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Facts about Skin Cancer


• More than 2.1 million people contract skin cancer every year with more than 3.5 million cases of skin cancer diagnosed.

• 6 out of 7 skin cancer deaths are from malignant melanoma

• Half of all new cancers are skin cancers.

• Each year more skin cancer cases are diagnosed than the combined incidence of lung, prostate, breast and colon cancers.

• One person dies of melanoma every hour (every 62 minutes).

• One in 55 people will be diagnosed with melanoma during their lifetime.

• Melanoma is the most common form of cancer for young adults 25-29 years old and the second most common form of cancer for young people 15-29 years old.

• The survival rate for patients whose melanoma is detected early, before the tumor has penetrated the skin, is about 99 percent.16 The survival rate falls to 15 percent for those with advanced disease.

• Melanoma accounts for less than five percent of skin cancer cases, but it causes more than 75 percent of skin cancer deaths.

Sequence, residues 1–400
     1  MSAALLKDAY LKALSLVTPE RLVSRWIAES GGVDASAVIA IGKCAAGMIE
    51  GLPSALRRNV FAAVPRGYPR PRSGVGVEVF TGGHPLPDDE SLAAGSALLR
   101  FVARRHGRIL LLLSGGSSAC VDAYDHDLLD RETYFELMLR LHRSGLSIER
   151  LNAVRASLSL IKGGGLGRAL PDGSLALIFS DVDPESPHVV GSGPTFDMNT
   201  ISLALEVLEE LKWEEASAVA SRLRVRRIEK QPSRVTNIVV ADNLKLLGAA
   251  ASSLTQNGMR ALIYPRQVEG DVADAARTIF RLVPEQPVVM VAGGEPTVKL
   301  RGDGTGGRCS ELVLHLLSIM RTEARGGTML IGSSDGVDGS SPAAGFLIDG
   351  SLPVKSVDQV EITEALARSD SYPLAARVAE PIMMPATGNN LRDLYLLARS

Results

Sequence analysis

• Melanoma is the fifth most common cancer for males and sixth most common for females.

• Women aged 39 and under have a higher probability of developing melanoma than any other cancer except breast cancer.

• About 65 percent of melanoma cases can be attributed to ultraviolet (UV) radiation from the sun.

• One or more blistering sunburns in childhood or adolescence more than double a persons chances of developing melanoma later in life.

• A person’s risk for melanoma doubles if he or she has had more than five sunburns at any age.

• Survivors of melanoma are about nine times as likely as the general population to develop a new melanoma.

• Approximately 39,000 new cases of melanoma occur in men each year in the US, and 29,000 in women.

• Melanoma is one of only three cancers with an increasing mortality rate for men, along with liver cancer and esophageal cancer.

• Between 1980 and 2004, the annual incidence of melanoma among young women increased by 50 percent, from 9.4 cases to 13.9 cases per 100,000 women.

• The number of women under age 40 diagnosed with basal cell carcinoma has more than doubled in the last 30 years; the incidence of squamous cell carcinoma among women under age 40 has increased almost 700 percent.

(Sources: The Skin Cancer Foundation and The American Cancer Society)